As Booker winner Marlon James reveals his novel A Brief History of Seven Killings was rejected 87 times before finally being published, Cinnamon Press author Tricia Durdey writes for us about the journey that finally saw her book, The Green Table, take shape.

I was a young dance student when I first heard of the choreographer, Kurt Jooss, and saw his iconic ballet, The Green Table. It was a pirated video copy in poor quality black and white, but even so I was struck by the extraordinary opening scene. Twelve Gentlemen in Black sit around a conference table. Are they diplomats, politicians, bureaucrats? The opening piano chords sound, and they gesticulate, preen, bow, shake fists – the tension mounts, and then they back off again, circling round each other in a predatory fashion, until finally they draw pistols, gun shots sound, and the figure of Death appears. It’s a classic work of German Expressionism, and won a prestigious choreography prize in 1932. Then in 1933, Hitler came to power, and demanded the Jewish company composer, Fritz Cohen, was dismissed. Jooss refused, and the company had to flee Germany overnight.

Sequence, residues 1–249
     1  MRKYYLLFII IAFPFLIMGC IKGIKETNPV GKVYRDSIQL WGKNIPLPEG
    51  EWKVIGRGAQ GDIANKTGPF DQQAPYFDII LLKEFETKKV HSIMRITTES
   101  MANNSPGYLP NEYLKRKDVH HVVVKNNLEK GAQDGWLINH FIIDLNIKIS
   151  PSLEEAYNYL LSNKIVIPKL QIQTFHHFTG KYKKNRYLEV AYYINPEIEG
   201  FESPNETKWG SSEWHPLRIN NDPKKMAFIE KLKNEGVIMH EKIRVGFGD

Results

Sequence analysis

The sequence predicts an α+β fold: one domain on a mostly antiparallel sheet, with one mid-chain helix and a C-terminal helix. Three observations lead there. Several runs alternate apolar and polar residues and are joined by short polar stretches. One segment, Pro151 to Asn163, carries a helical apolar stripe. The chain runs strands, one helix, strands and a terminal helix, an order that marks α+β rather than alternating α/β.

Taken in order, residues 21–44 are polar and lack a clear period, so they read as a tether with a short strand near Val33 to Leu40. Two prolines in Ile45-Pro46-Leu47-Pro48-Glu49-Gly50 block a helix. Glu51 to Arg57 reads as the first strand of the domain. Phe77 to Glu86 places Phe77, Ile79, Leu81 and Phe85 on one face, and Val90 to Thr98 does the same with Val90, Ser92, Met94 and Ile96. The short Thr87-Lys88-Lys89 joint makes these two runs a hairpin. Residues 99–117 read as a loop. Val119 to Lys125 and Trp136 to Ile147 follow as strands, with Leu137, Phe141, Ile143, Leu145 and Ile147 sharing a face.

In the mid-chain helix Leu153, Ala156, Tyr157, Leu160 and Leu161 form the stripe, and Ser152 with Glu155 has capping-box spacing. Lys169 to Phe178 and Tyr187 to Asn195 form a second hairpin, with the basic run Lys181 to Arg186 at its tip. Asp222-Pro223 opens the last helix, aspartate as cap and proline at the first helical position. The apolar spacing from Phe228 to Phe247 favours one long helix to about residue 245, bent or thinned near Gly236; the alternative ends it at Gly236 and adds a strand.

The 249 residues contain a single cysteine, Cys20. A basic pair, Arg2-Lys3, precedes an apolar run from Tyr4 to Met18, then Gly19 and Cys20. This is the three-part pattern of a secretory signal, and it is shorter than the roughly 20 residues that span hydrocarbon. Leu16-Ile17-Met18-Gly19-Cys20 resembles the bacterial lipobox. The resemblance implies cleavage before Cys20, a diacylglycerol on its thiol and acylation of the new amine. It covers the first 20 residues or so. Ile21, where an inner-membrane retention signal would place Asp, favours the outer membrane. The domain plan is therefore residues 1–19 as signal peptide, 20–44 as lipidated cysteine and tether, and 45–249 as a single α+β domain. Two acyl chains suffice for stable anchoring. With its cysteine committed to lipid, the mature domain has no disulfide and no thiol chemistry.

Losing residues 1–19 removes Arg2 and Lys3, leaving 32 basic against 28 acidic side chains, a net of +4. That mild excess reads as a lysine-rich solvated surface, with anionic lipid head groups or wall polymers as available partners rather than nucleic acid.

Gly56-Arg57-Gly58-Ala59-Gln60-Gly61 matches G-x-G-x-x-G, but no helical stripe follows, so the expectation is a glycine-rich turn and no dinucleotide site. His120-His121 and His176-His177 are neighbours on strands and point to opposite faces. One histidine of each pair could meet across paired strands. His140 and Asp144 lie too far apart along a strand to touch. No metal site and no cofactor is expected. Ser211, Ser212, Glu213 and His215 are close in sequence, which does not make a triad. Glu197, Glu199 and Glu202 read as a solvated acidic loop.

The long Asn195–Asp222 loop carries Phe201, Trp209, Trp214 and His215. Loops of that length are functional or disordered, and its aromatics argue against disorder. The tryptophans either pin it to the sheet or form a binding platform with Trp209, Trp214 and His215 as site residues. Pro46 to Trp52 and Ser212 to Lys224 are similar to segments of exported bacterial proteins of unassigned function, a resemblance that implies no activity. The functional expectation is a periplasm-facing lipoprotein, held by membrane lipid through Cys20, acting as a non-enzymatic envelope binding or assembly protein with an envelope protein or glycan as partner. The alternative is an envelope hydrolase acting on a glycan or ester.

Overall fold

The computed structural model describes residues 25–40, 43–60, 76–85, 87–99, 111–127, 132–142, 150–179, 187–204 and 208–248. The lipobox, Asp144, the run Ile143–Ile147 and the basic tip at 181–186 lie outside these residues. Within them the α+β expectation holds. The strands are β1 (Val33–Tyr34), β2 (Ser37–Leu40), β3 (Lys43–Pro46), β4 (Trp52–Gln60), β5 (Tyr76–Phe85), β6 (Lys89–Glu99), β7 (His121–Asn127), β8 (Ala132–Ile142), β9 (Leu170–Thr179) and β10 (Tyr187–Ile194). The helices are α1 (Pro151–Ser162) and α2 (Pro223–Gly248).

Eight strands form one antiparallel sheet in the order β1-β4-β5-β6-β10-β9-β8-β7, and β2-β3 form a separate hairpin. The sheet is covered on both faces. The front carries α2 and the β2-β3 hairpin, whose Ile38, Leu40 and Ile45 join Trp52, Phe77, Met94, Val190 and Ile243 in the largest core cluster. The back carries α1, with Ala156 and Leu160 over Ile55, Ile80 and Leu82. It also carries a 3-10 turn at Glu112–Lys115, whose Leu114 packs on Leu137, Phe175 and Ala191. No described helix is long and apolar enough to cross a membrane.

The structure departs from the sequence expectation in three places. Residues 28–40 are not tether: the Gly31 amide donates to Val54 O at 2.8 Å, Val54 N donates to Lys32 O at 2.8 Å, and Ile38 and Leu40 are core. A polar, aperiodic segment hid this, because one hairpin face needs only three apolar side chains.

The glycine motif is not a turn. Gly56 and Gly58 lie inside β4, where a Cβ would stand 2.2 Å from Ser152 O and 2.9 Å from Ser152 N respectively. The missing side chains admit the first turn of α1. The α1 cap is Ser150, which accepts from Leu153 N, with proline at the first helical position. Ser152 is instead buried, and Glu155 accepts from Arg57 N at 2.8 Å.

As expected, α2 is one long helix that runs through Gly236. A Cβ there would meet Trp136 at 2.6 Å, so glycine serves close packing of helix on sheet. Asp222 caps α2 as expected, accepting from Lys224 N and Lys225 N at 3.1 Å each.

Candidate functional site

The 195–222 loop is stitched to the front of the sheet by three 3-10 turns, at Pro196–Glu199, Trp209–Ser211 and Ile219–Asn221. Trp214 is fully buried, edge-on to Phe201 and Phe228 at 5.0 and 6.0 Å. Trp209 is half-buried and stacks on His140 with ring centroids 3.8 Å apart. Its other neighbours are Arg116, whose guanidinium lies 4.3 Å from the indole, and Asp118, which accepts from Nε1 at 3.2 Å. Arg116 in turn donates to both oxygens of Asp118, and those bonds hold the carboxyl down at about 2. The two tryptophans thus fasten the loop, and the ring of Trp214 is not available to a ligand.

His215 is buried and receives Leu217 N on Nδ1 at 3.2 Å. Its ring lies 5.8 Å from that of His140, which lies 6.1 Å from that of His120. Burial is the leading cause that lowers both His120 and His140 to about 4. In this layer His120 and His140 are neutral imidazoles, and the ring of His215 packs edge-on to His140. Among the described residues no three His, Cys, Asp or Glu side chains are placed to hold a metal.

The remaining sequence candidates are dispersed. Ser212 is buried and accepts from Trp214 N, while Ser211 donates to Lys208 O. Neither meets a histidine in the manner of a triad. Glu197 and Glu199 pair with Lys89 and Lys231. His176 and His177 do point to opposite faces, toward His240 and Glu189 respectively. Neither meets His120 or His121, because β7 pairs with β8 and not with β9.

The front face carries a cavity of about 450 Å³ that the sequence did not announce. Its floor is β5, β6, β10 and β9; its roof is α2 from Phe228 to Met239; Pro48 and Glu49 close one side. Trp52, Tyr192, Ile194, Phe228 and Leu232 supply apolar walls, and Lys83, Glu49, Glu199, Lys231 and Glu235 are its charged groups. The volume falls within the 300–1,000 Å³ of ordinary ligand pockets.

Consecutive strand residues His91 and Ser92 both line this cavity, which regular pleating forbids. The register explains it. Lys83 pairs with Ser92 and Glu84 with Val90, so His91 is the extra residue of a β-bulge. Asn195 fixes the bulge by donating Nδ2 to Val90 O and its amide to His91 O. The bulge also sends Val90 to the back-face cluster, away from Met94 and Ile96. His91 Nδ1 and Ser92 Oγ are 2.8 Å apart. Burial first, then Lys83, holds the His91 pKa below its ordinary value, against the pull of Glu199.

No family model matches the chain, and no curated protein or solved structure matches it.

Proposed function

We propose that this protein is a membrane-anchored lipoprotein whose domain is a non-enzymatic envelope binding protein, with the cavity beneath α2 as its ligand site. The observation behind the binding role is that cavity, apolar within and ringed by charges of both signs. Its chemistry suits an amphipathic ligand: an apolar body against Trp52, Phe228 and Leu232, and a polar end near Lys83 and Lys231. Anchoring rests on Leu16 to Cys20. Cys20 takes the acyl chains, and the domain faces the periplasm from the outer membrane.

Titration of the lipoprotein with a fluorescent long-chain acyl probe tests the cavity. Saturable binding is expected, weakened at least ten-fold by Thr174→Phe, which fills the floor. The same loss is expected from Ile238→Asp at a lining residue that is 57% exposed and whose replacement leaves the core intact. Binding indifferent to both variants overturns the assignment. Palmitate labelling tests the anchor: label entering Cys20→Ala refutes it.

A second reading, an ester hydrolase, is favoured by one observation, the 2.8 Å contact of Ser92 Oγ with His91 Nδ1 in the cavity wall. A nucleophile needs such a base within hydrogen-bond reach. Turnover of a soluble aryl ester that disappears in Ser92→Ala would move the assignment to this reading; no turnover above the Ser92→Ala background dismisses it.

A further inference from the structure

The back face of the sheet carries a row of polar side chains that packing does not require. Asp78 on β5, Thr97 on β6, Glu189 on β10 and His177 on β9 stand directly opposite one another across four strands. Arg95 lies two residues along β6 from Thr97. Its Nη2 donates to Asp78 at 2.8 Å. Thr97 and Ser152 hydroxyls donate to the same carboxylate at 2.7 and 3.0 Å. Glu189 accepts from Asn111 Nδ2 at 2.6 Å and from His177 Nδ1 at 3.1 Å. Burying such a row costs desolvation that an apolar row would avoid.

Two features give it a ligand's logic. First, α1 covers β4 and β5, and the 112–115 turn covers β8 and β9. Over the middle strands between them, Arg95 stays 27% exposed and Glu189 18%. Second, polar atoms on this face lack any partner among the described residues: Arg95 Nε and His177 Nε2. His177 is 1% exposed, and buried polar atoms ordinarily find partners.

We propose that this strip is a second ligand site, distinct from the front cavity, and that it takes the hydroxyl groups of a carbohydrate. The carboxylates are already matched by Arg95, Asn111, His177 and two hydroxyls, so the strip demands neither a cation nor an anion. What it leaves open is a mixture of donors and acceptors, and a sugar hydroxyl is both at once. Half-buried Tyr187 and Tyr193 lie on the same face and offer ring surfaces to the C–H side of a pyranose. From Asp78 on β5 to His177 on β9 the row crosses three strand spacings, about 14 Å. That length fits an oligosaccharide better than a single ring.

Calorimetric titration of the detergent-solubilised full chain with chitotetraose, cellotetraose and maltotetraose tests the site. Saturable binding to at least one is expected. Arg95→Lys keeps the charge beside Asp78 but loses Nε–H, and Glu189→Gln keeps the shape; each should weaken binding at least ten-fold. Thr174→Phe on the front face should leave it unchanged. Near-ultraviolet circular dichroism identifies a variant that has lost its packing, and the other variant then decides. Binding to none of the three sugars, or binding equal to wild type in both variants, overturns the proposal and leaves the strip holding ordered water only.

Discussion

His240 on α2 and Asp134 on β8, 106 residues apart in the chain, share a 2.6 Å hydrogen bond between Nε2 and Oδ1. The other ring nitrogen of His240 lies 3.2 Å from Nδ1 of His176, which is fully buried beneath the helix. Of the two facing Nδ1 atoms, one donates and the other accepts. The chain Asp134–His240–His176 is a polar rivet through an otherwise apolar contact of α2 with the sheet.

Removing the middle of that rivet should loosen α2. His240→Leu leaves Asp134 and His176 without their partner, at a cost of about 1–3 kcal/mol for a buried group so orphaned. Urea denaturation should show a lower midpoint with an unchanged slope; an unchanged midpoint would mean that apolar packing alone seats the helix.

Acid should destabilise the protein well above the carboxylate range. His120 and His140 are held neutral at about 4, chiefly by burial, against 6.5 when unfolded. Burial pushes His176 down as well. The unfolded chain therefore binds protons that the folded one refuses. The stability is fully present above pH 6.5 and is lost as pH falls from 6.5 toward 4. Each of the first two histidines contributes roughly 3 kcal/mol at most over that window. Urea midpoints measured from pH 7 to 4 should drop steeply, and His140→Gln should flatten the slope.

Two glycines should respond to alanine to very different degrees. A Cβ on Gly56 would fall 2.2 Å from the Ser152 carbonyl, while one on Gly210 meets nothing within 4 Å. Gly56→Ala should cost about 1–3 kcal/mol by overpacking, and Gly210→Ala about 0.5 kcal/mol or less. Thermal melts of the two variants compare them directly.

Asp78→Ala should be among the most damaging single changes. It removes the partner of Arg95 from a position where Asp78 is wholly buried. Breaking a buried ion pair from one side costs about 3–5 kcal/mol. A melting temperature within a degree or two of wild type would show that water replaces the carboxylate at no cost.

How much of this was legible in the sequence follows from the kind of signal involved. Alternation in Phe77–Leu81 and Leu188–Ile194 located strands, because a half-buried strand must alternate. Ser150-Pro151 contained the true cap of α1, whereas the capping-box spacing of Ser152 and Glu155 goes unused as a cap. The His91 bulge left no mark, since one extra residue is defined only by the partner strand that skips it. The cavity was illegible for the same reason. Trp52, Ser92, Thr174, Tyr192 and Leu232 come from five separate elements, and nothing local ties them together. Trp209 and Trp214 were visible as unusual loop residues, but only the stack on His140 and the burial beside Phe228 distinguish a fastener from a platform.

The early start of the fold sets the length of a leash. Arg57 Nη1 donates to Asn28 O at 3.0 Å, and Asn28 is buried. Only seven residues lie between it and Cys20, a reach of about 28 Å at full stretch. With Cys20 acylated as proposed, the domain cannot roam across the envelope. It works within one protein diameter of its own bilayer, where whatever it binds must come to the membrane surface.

A few years later I moved to Amsterdam to continue my dance training. On my many walks through the city I was aware of a long shadow of Nazi occupation, even though it was by then the early 80s. One day I will write a novel set here, I decided. And so the seeds of The Green Table were sown.

Almost thirty years later I attended an Arvon Course at Lumb Bank – writing fiction for young adults – led by Celia Rees and the late Jan Mark. It was there that I first met Jan Fortune, who had not yet launched Cinnamon Press. Our task that week was to begin a new piece of work. I remember sitting in a writing hut in the garden, overlooking the steep wooded valley and talking to Celia about Amsterdam and the Nazi occupation, and how I wanted to write something about a young girl who was determined to dance. As I began to write, I remembered Hilde Holger, a Viennese Jewish dancer I trained with briefly in a basement in Camden Town. She was a very old lady, fiery and passionate, who had survived, and danced, despite the daily threat of being discovered by the Nazis. I heard her voice shouting at us as she banged her tamba, and the first scene wrote itself. On the final night I read out the first pages of The Green Table to the rest of the group.